I love hearing about the world Elmer Kelton inhabited. He is so genuine that I really do wish I could have known him. You may not learn how to write but you will get to how he experienced life.
I loved the slow and easy pace of the story. It took a little while to grab hold but once it did, every day it would draw me in and rock me in its beautiful language.
When Jack's wife died and they finally had a moment of closeness and understanding with each other after a lifetime of quiet unhappiness.
Having heard Wendell Berry speak, Paul made me believe that it was the wonderful author doing the reading.
I entered so deeply into this world that it took me days to want to read anything else.
I would love it if audible offered more of Berry's non fiction such as "What Matters- Economics for a renewed Commonwealth" and "Bringing it to the Table".
I love stories set in a cold stormy location and ones that allow me to look at my own reactions to things I have not previously considered. I knew there would be little happiness but the storytelling and the language was a complete treat.
For me it was the fact that the author found and used records that were ambiguous at best and constructed a story that told a different truth than the verdict the courts imposed. Their world was so hard and joyless but I was never depressed by it.
Perfect pitch and pace for this story.
I will happily read anything Hannah Kent writes.
I loved the first chapter. Then everything fell apart for me and never came back together again. While the author covered a lot of ground in the story, the character development was exceedingly flawed. The great grandaughter was the worst though all of them just picked up character traits like one would collect lint, without rhyme or reason. I think the author tried to make good points about the development of Texas and I just wished those points had been wrapped in a better story. I had intended to get American Rust but didn't bother after this disappointment.
I feel so lucky that these presentations have been captured by Audible and made available to writers everywhere. One reviewer said of his books that it was like going fishing. What a great way to spend an afternoon.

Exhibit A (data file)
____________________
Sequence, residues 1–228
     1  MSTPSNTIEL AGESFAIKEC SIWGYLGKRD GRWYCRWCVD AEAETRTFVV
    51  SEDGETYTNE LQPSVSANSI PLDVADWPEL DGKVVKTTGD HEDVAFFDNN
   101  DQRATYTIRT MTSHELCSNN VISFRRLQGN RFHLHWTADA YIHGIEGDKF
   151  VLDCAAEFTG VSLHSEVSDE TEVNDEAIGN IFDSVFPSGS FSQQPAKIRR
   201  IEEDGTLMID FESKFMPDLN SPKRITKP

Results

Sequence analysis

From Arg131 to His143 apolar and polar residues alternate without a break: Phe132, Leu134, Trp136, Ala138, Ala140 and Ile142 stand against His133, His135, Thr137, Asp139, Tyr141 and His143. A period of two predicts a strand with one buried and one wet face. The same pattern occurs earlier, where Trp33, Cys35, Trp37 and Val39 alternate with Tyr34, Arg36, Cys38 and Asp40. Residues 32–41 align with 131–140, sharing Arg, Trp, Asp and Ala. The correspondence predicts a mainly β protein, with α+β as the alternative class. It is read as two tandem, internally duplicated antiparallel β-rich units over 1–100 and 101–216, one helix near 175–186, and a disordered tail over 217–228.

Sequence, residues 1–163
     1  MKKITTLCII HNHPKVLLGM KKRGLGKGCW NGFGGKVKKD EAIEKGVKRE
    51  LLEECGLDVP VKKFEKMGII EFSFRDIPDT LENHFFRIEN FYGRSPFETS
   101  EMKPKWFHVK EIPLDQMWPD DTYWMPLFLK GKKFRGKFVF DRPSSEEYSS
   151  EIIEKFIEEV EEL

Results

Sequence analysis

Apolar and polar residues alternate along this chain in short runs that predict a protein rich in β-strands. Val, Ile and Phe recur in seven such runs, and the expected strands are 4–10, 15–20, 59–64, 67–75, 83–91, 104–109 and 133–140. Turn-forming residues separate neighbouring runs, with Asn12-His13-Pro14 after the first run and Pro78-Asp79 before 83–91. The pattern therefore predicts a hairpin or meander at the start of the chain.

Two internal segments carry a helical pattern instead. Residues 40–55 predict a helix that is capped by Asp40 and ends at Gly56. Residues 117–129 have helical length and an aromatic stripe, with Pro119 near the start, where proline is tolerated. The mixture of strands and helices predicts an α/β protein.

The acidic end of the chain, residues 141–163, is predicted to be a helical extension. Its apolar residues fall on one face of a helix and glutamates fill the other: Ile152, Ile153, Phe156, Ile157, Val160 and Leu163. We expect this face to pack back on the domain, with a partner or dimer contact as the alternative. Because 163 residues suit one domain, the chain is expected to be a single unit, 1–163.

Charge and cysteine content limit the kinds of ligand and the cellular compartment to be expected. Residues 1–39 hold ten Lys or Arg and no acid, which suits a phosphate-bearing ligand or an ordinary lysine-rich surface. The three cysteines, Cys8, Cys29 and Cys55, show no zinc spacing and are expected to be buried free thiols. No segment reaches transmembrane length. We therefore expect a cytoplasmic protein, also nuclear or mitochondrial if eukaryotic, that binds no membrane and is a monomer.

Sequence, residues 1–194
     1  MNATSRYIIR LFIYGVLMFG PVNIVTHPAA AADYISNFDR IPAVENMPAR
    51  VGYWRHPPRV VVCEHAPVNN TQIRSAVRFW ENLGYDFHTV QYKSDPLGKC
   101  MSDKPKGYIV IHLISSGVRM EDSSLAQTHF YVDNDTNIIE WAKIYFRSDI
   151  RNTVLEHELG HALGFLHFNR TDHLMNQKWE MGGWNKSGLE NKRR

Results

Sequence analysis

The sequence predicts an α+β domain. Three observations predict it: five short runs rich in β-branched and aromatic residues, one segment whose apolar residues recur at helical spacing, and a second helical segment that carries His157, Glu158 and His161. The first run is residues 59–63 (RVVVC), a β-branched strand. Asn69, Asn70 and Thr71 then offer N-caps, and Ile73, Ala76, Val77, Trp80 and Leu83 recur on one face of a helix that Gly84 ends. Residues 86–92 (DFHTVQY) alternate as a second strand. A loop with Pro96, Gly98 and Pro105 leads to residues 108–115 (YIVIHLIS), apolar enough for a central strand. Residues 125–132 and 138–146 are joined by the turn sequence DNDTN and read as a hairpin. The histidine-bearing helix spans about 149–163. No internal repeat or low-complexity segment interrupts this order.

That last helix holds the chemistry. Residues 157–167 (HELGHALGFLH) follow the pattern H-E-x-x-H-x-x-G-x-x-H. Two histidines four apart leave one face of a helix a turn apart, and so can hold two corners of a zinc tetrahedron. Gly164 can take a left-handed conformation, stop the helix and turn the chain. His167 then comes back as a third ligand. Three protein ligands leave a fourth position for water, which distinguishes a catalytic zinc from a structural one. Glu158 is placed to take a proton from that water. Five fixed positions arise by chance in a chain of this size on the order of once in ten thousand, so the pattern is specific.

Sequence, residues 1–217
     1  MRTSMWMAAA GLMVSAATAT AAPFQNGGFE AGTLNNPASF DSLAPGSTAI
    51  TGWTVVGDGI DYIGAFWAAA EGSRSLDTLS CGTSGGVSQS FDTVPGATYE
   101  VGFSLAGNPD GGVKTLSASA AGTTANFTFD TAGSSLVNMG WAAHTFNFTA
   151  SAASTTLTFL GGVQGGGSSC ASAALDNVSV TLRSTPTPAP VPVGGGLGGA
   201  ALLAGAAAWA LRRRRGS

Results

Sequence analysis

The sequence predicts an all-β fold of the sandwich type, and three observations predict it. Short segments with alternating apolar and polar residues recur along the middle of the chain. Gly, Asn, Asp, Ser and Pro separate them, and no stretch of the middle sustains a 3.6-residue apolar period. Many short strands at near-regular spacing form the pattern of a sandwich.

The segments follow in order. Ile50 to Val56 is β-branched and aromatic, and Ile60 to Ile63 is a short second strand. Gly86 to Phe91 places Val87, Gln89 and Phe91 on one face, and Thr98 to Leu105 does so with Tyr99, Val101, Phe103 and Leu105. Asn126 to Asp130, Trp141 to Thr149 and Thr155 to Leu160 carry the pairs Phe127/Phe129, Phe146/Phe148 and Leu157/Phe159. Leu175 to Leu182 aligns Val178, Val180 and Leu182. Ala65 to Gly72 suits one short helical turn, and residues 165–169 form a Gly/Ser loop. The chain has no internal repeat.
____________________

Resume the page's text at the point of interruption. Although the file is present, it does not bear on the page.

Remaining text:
After reading King's memoir on writing, I thought I would give this a try and it was fantastic. What a bright, articulate man he is and so enjoyable to listen to.
I have her original book, thanks to Anne Lamott's recommendation but now the audible version makes everything complete. I can listen to Brenda's inspiring words whenever I have a minute and they not only change the way I write but the way I live. The narrator is absolutely fantastic. Thank you, thank you.
This mini books captures two great teachers and like Vogler's Using Myth, I took notes all the way through. If you are learning to write fiction, run, don't walk, to get your copy. Kudos Audible and please do more of these as many of us can't get out to the conferences.
This presentation is taken from a Chris Vogler segment at a writer's conference. It is just fantastic, packed full of such good information that I took notes all the way through and of course laughed my head off at Chris's great sense of humor. I pray that Audible will do more "mini books" like this one especially on writing.
When I was a little girl we drove through the town of Tom's River nearly every summer Saturday on our way to go crabbing at Island Heights. Adulthood had me moving around the country and I lost touch with the town, the one with the charming name. And then I found this book. Not only do we get a great telling of the story, an understanding of a most interesting legal process, a sense of the pain of aftermath, and finally we are left with the question, what if anything can society reasonably do. For those readers who might be interested, I would happily host a blog to revel in a full fledged discussion of the book's many angles. To Dan Fagin, thanks for a fantastic experience.
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